j. Image Integrity: It is not acceptable to enhance, obscure, move, remove, or introduce a specific feature within an image. Adjustments of brightness, contrast, or color balance are acceptable if and as long as they do not obscure or eliminate any information present in the original. Manipulating images for improved clarity is accepted, but manipulation for other purposes could be seen as scientific ethical abuse and will be dealt with accordingly (Rossner and Yamada 2004 ).
Authors should comply with any specific policy for graphical images applied by the relevant journal, e.g., providing the original images as supplementary material with the article or depositing these in a suitable repository.
k. Clinical Trial Transparency: The Unique Scientific Publishers supports clinical trial transparency. For relevant journals, authors are expected to conform to industry best standards in clinical trial registration and presentation, for example, the CONSORT guidelines as further set out in the policies of the relevant journal (ICMJE).
8. Research Misconduct
The management of IJAB will take it seriously if any type of misconduct in research presented for publication is found. Research misconduct means fabrication, falsification, or plagiarism in proposing, performing, or reviewing research, or in reporting research results. Descripencies could be:
8.1. Data Falsification/Fabrication
This is a serious offence to manuplate/fabricate the data generated. Data in Tables or Figures/Bardiagrams should be orginal as acquired from the analysis. A strict action will be taken in such case and the submitted manuscript will be rejected.
8.2. Falsification is manipulating research materials, equipment, or processes, or changing or omitting data or results such that the research is not accurately represented in the research record. Research misconduct does not include honest error or differences of opinion.
8.3. Lives Miss-treated
If in an experiment, lives (could be humans, birds, animals) were used, prior consent and Ethical approval was not obtained and over-stressed, miss-treated, or miss-guided, IJAB will not entertain such submissions.
To verify originality, submitted manuscript will be checked by any originality detection service such as Turnitin (https://www.turnitin.com/), Crossref Similarity Check (https://www.crossref.org/ ), iThenticate (https://www.ithenticate.com/ ), etc. Keeping Similarity Index less than 19% and also Similarity Index from any single source less than 5% at the time of submission of the manuscript is the responsibility of authors. If the similarirty index is high, manuscript is liable to be rejected.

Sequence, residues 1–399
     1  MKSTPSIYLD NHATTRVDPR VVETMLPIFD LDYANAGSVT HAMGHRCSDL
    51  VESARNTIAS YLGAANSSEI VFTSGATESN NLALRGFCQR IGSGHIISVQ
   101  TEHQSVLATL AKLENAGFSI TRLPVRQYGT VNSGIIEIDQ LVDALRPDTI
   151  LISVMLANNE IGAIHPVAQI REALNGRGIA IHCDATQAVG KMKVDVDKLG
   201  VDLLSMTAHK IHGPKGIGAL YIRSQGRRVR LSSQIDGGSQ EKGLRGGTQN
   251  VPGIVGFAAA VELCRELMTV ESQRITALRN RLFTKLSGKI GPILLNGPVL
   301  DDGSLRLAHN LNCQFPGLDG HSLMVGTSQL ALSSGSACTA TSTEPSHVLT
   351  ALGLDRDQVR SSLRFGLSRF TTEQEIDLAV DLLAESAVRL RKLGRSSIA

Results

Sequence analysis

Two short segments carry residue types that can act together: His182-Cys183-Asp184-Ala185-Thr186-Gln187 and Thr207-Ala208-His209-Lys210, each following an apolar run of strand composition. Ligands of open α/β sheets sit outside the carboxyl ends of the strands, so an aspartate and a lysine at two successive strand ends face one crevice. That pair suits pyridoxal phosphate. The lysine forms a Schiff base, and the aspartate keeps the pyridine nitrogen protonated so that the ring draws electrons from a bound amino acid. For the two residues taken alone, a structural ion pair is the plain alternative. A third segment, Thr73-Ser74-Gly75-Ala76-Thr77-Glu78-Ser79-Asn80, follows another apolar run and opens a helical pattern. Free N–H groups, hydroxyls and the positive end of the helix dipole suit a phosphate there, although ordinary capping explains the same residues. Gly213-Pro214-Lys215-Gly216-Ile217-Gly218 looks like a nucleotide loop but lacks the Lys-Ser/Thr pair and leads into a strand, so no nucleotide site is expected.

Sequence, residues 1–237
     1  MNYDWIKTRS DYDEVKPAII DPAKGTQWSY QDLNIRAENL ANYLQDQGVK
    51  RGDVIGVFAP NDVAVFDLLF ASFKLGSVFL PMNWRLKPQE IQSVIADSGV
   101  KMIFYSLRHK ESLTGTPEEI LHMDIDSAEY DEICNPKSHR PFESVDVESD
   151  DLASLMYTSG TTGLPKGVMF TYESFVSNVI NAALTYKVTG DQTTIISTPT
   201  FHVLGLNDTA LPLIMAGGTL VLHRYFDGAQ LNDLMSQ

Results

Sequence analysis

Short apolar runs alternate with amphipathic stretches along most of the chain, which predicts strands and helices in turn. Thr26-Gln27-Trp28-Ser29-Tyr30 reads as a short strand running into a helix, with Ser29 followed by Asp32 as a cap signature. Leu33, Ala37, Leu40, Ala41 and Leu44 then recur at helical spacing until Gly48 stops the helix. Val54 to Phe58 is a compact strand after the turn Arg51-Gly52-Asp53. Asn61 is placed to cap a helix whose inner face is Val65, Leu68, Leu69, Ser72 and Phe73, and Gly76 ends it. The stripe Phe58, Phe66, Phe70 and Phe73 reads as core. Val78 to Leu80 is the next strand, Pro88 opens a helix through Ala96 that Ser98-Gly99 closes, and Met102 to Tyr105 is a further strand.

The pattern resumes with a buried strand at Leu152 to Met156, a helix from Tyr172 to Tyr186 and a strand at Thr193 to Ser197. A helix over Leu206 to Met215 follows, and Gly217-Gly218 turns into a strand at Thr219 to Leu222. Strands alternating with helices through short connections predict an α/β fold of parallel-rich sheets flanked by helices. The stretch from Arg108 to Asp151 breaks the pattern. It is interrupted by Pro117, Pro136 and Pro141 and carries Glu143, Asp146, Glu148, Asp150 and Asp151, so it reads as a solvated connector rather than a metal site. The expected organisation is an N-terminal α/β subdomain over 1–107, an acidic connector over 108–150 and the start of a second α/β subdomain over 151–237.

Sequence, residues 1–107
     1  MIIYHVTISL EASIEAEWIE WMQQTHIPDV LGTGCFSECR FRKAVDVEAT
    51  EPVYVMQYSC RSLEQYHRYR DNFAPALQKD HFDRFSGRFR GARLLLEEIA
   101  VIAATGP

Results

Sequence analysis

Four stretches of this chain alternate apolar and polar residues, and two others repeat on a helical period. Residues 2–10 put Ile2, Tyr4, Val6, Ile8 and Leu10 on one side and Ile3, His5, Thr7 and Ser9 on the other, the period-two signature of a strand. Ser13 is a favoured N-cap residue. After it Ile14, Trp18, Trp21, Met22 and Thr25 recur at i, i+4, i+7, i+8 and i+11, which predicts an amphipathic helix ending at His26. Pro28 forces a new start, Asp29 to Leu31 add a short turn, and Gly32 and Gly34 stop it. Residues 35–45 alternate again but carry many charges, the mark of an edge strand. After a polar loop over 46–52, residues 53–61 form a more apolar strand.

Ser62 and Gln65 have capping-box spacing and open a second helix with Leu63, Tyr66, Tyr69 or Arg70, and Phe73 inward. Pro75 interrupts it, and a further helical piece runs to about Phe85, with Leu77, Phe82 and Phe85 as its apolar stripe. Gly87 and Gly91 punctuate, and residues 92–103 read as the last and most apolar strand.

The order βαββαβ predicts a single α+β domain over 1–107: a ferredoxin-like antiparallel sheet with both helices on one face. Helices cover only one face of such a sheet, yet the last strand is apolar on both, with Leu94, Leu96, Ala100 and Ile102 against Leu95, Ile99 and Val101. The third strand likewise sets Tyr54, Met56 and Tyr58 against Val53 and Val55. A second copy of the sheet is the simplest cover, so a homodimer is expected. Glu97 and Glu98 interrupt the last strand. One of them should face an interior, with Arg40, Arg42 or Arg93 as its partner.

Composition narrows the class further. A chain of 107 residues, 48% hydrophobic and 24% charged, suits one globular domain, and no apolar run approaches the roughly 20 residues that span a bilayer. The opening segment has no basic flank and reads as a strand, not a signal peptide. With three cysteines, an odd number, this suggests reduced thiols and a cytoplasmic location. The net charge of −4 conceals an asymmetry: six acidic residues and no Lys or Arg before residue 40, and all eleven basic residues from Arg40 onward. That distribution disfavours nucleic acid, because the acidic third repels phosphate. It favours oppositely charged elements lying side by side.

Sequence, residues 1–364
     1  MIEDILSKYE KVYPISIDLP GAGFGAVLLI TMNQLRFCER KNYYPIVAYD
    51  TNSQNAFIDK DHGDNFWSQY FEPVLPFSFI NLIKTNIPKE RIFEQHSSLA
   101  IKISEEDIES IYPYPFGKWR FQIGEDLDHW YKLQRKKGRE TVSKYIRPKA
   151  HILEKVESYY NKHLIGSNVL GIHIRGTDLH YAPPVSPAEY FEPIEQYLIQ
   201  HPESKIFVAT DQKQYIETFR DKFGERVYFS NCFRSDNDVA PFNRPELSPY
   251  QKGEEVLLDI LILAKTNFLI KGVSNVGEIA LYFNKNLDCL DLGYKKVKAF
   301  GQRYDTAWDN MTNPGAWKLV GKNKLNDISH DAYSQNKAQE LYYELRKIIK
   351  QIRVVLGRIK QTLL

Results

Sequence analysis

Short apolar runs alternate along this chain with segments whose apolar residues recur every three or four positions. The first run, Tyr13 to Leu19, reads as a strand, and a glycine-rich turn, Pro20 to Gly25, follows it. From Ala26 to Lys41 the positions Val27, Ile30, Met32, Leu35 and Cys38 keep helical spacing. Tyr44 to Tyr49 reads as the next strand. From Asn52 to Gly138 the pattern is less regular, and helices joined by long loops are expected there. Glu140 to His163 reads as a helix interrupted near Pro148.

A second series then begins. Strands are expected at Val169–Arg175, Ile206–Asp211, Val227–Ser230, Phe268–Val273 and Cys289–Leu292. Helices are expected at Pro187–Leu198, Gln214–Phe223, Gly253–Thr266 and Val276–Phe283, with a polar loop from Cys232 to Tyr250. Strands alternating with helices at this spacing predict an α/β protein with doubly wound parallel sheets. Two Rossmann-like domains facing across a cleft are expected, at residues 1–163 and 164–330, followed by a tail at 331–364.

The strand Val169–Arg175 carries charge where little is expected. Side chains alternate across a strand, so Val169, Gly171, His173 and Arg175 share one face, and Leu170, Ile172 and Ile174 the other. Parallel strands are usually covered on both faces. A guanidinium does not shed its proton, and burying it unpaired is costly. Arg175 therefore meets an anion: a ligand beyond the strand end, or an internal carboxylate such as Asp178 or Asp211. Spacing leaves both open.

8.5. Citation Manipulation
IJAB encourages the use of EndNote software (a commercial reference management software package, used to manage bibliographies and references when writing essays and articles) for writing references. Only citations/references closely related to the author’s work are allowed for citation. It is not only the responsibility of Editor to check the citations in the manuscript relevant to the subject, but major responsibility is of authors. If such irrelevant citations are found in the submitted manuscript, the manuscript will not be processed further but will be returned to authors for correction.
9. Handling of Allegations of misconduct
This heading is multifactorial. Editor/Publisher will have to deal according to the nature of the misconduct. The management of IJAB will deal strictly with the misconduct cases. Though at the time of submission, plagiarism will be checked, and if found greater than 19%; that submission is not processed further. If plagiarism is detected in published article, then that will be reported to the institution concern to take serious action and published article will be retracted. Similarly, data fabrication, falsification, manopulation of figures/pictures could lead to rejection of the manuscript and reporting to their parent institution for strict action.
Any complaint against Management of IJAB/Editor/Publisher whenever it arises, an External Committee will be constituted comprised of three editors of reputed Scopus indexed (Q2) journals with the request to find facts and figures and propose solution. If a complaint is against an author or authors, then it will be dealt Editor, IJAB in consultation with the publisher. All such decision/action taken will be discussed and approved in the meeting of the Management of IJAB.
11. Conflict of Interest
All authors are requested to disclose any actual or potential conflict of interest, including any financial, personal, or other relationships with other people or organizations, within three years of beginning the submitted work that could inappropriately influence, or be perceived to influence, their work.
12. Copyright and Licensing
Copyright is a type of intellectual property that protects original works of authorship. Works are original when they are independently created by a human author and have a minimal degree of creativity. Independent creation simply means that you create it yourself, without copying, thus copryrights of the published article are retained by the authors. However, IJAB has open-access policy under the CC BY-NC-ND license .
Modified: May 28, 2023